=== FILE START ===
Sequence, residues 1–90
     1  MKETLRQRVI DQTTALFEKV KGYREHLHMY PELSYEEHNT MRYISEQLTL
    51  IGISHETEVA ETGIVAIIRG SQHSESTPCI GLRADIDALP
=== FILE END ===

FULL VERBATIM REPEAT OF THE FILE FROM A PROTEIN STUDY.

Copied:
Sequence, residues 1–90
     1  MKETLRQRVI DQTTALFEKV KGYREHLHMY PELSYEEHNT MRYISEQLTL
    51  IGISHETEVA ETGIVAIIRG SQHSESTPCI GLRADIDALP